Dropped connections with tcp_tw_recycle=1

Sven Ulland sveniu at opera.com
Mon Sep 21 21:06:10 CEST 2009

Nils Goroll wrote:
>> tcp_tw_recycle is incompatible with NAT on the server side
> ... because it will enforce the verification of TCP time stamps.
> Unless all clients behind a NAT (actually PAD/masquerading) device
> use identical timestamps (within a certain range), most of them will
> send invalid TCP timestamps so SYNs will get dropped.

I've been digging a bit more. The drops happen because PAWS thinks
they are "old duplicate segments from earlier incarnations of the

A new incoming connection request will eventually call
tcp_ipv4.c:tcp_v4_conn_request(), where we find the following code
that ends up dropping some SYNs if recycling is enabled:

if (tmp_opt.saw_tstamp &&
     tcp_death_row.sysctl_tw_recycle &&
     (dst = inet_csk_route_req(sk, req)) != NULL &&
     (peer = rt_get_peer((struct rtable *)dst)) != NULL &&
     peer->v4daddr == saddr) {
         if (get_seconds() < peer->tcp_ts_stamp + TCP_PAWS_MSL &&
             (s32)(peer->tcp_ts - req->ts_recent) > TCP_PAWS_WINDOW) {
                 goto drop_and_release;

The outer conditional verifies that the incoming SYN has a timestamp,
that tcp_tw_recycle is enabled, and that the origin exists in our
peer cache. Note that it only checks the IP of the origin. Doesn't it
make sense to also match on port?

The inner conditional tests two things: First, that the peer's last
seen timestamp has not expired (it expires in 60 ticks). Next, that
the new incoming timestamp [req->ts_recent] is at least one tick
[TCP_PAWS_WINDOW] *before* the last seen timestamp from the peer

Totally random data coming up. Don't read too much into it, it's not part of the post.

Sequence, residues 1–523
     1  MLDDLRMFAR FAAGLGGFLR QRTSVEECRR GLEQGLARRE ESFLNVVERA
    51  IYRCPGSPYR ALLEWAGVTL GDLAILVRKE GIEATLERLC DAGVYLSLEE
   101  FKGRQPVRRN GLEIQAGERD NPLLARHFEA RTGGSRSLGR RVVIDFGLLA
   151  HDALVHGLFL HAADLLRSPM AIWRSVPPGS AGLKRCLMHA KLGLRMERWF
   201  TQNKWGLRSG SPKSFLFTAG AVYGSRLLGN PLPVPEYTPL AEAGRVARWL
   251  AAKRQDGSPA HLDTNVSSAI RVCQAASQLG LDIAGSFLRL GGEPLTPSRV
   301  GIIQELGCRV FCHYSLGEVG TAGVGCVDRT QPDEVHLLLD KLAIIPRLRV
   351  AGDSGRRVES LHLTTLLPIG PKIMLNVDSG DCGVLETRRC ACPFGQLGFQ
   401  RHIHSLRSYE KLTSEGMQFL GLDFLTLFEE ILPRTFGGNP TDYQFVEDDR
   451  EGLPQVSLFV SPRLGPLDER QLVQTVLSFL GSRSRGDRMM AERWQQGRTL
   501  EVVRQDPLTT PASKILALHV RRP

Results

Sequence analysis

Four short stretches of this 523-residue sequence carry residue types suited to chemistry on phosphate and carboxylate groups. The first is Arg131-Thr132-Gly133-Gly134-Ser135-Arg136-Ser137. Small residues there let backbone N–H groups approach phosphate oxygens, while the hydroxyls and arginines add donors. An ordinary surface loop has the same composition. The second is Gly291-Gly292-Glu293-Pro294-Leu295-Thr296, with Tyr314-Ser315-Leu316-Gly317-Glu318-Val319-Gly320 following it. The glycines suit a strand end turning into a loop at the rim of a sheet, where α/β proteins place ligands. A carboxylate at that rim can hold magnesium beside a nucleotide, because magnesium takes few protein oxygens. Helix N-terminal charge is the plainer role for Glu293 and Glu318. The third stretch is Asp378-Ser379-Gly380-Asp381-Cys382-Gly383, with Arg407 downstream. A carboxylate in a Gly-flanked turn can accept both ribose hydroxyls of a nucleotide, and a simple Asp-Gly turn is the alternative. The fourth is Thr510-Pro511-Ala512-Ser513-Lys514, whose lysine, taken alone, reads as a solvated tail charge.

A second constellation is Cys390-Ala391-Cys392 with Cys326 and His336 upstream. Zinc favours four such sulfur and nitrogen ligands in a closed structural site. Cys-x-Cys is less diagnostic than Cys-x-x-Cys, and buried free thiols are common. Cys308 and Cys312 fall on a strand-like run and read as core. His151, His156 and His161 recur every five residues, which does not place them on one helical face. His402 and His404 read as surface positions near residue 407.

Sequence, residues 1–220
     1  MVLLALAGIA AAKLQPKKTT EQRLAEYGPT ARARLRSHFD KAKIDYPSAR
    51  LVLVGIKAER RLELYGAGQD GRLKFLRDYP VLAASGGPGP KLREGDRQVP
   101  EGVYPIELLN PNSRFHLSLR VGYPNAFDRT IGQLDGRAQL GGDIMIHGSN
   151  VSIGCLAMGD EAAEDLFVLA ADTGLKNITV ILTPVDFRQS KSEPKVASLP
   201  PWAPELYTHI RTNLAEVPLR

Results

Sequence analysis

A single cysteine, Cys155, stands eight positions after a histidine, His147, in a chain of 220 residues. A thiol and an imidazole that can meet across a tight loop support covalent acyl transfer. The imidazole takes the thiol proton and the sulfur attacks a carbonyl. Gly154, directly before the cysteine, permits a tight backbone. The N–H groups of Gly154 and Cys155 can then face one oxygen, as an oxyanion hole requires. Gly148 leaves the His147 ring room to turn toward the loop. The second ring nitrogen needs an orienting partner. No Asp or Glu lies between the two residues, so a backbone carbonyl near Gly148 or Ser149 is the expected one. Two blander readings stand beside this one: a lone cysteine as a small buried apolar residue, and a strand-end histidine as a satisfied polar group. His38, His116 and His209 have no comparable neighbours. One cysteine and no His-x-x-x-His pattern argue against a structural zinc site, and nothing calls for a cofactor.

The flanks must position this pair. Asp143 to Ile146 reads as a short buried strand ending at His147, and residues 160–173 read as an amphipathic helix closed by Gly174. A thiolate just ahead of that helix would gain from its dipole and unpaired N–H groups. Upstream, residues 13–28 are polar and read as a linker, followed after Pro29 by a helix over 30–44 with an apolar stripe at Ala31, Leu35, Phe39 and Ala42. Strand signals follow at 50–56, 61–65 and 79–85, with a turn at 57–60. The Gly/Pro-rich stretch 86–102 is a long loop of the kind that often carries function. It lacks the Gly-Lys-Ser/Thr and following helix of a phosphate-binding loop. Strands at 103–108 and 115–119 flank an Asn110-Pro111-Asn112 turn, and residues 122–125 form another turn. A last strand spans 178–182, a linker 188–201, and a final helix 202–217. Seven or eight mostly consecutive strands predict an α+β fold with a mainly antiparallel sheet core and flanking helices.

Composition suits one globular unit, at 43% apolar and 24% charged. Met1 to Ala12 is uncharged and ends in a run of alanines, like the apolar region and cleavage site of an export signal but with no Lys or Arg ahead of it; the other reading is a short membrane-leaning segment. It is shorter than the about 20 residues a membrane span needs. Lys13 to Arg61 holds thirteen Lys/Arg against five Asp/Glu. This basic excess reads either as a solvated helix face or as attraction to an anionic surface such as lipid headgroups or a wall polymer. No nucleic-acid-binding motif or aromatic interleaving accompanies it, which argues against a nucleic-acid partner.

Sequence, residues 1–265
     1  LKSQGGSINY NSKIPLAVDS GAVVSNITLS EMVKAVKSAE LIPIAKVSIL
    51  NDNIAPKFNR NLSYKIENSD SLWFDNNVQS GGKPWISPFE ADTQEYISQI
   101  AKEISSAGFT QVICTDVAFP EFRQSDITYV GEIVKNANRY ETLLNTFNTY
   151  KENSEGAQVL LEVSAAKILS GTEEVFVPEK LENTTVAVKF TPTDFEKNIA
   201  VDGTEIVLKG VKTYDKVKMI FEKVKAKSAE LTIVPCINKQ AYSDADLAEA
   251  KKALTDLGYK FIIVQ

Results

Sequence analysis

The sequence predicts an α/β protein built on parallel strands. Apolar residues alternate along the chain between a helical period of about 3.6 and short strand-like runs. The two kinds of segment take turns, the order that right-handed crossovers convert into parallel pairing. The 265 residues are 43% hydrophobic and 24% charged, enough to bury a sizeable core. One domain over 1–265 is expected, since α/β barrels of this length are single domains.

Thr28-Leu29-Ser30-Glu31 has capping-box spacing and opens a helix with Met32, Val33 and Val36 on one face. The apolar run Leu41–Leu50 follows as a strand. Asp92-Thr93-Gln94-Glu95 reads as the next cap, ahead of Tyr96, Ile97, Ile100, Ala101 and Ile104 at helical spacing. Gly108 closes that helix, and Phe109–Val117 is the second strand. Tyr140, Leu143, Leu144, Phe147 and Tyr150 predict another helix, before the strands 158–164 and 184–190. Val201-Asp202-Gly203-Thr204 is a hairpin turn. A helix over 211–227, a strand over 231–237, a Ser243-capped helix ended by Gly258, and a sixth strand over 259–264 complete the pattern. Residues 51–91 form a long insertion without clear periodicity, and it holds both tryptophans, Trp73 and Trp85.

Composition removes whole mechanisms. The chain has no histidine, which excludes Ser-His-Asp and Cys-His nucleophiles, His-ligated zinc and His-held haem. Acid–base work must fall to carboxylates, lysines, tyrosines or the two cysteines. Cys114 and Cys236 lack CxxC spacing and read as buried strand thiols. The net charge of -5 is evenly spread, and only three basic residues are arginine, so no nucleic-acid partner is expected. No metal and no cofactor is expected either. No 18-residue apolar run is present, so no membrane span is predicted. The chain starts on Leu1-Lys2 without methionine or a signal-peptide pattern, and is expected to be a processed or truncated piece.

[peer->tcp_ts] (i.e. that it's an old duplicate).

(Also, you can verify if you get drops by checking the PAWSPassive
value in /proc/net/netstat.)

Here's the origin of the code, appx B.2 (b) in VJ et al's RFC 1323:
An additional mechanism could be added to the TCP, a per-host cache of
the last timestamp received from any connection [peer->tcp_ts]. This
value [peer->tcp_ts] could then be used in the PAWS mechanism to
reject old duplicate segments [req] from earlier incarnations of the
connection, if the timestamp clock can be guaranteed to have ticked at
least once [TCP_PAWS_WINDOW] since the old connection was open.
""" -- http://tools.ietf.org/html/rfc1323#page-29

I'm wondering why the source port is not taken into consideration
here. A "previous incarnation of the connection" would surely have the
same source port? So if a new incoming connection has a different
source port, it should not be a candidate for rejection.

tcp_tw_recycle and _reuse's actual reuse of tw buckets seems to happen
when setting up outbound connections. I haven't looked at those yet.


More information about the varnish-misc mailing list